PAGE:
a-symphony-of-cowbellsHeather Preusser‘s (Fiction, S’13) debut picture book, A Symphony of Cowbells, will be released March 15, 2017, from Sleeping Bear Press. The story, about a cow who loses her bell and disrupts the harmony of the herd, is illustrated by Eileen Ryan Ewen.

Bonnie Jo Stufflebeam‘s (Popular Fiction, S’13) short story “The Orangery” is a 2016 Nebula Award finalist in the novelette category.

CURRENT STUDENTS

Peter Adrian Behravesh (Popular Fiction) has accepted a position as Editorial Assistant at IDW Publishing, one of the top four comic book publishers in the U.S., renowned for its diverse catalog of licensed and independent titles.

FACULTY

David Anthony Durham (Fiction, Popular Fiction) has accepted a tenure-track position in the MFA program at the University of Nevada, Reno. He’ll be moving out there right after the summer residency. Yes, this will be the Durham’s third summer move in a row. When will it end? By the way, David has no plans to leave Stonecoast anytime soon! Thanks to Deb Marquart, he’ll be reading at Iowa State University on March 23rd (his birthday) along with author Benjamin Percy. They will, no doubt, talk about werewolves…

Aaron Hamburger (Creative Nonfiction, Fiction, Popular Fiction) and Stacie Whitaker’s initiative to Bury the White House in Books received national and international media attention from The Huffington Post, CNN, and many others, and attracted 3000 followers on Facebook.

soap-opera-confidentialElizabeth Searle‘s (Fiction, Popular Fiction, Scriptwriting) and Suzanne Strempek Shea‘s (Creative Nonfiction, Fiction) anthology on soap operas is scheduled to be out this spring from McFarland Books: Soap Opera Confidential: Writers and Soap Insiders on Why We’ll Tune in Tomorrow, As the World Turns Restlessly by the Guiding Light of Our Lives. Elizabeth is reading from her novel We Got Him on March 3rd at 7:00 p.m. at the Out of the Blue gallery in Cambridge, MA, at the Dire Reading Series and on March 25 at the Falmouth Library on Cape Cod. Interviews about We Got Him are coming up: The Frankie Boyar Show (national radio show; 11:30 a.m. March 16th; live interview), Behind the Pages (Brookline Access TV; broadcast date TBD), Books & Authors (AT&T; broadcast date TBD), Cape Cod’s South Shore radio (April 12: 8:40 a.m.), and ET-WATD-FM “The South Shore’s Morning News” (taped interview). For updates:  www.elizabethsearle.net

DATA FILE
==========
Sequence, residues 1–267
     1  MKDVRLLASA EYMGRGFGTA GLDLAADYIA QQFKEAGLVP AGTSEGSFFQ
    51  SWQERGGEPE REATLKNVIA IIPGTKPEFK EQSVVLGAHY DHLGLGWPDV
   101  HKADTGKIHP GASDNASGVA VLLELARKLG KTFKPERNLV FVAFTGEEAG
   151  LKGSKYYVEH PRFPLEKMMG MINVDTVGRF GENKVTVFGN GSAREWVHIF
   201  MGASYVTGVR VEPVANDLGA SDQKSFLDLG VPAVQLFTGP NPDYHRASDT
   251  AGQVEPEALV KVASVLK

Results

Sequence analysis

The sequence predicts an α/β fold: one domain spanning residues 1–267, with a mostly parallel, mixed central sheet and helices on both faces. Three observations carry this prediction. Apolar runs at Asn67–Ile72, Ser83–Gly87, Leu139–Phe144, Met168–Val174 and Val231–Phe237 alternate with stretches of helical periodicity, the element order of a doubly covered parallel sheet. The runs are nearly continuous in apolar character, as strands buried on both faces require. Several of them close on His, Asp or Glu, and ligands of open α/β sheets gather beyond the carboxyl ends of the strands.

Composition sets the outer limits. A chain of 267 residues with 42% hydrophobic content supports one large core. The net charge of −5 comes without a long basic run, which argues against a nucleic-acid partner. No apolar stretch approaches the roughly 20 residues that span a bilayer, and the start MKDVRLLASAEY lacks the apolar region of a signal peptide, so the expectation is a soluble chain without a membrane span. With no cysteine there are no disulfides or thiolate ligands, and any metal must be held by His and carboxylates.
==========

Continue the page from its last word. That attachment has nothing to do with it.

Bay Path University’s 15th Writers’ Day, to be held April 2 at the campus in Longmeadow, MA, will feature Stonecoasters Melanie Brooks, who’ll be talking “Writing Hard Stories,” the topic of her highly acclaimed newly published first book, and Mary Heather Noble, who’ll be talking about sources of inspiration for her acclaimed essays on family, nature and current events. The lineup will include inspiration panelist John Sheirer and Dave Stern, and a primer on podcasting by Bernadette Duncan Harrison, a former national talk-show producer and author of Yappy Days, a newly-published memoir of her time in that arm of radio. Find Suzanne Strempek Shea, Bay Path’s writer in residence, at the registration table. She hopes to see you there, and sends this link with schedule and registration information. Suzanne also is looking forward to the week of April 2 as Melanie Brooks will be Bay Path’s visiting writer that week. Melanie’s duties will include giving a talk and reading on Thursday, April 6, at 6:30 p.m., at the university’s Hatch Library. The event is free of charge. Melanie’s Writing Hard Stories will be available for purchase at both Writers’ Day and Melanie’s reading.

 

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Community News & Updates October 2016

ATTENTION: ALUMNI

The 2017 Stonecoast Alumni Reunion Committee wants to hear from you! Led by co-chairs Penny Guisinger (Creative Nonfiction, S’13), Frank Ard (Popular Fiction, S’14), Peter Maskaluk (Fiction, ’13), Elli Meeropol (Fiction, W’06), and Mihku Anderson (Fiction, S’10), Stonecoast is excited to celebrate 15 years in the literary community. Please fill out this brief survey with your attendance and preferences: https://www.surveymonkey.com/r/86MCNWV

stonecoast-reunion-final

A message from the husband of Christine Tierney (Poetry, S’09), who is currently in need of a kidney.

Dear Family, Friends, and Universe,

Christine is a caring, generous, and beautiful person with probably the best sense of humor on the planet. She has been working with children for the past 23 years as an after school director. She is also a gifted poet, artist, and animal lover. But most of all, she is the absolute love of my life.

Eight years ago Christine was diagnosed with Polycystic Kidney Disease, (PKD). PKD is progressive and incurable. It causes clusters of cysts to grow inside the kidneys. As these cysts enlarge from fluid buildup, kidney failure can result. Unfortunately, Christine’s cysts are rapidly growing and her kidneys are losing function. She is now in need of a kidney transplant.

Christine was placed on the national kidney transplant list in August 2015, and is awaiting a deceased donor kidney, but this list is 80,000 names long, and the wait time for a deceased donor kidney is eight years or more. Christine is hoping for a transplant from a living donor because living donor kidneys have greater success rates than deceased donor kidneys, and nearly double the years of function. Through the living donation program, a healthy person can donate one of their kidneys and return to full health after a brief recovery.

I was tested to see if I am a match for Christine. Unfortunately, I am not. Both of Christine’s parents are now too old for organ donation. Finally, you may have read the article is The Boston Globe about a former Cambridgeport parent who was willing to donate and was a likely match, but has since been diagnosed with a medical condition that makes her an unsuitable donor.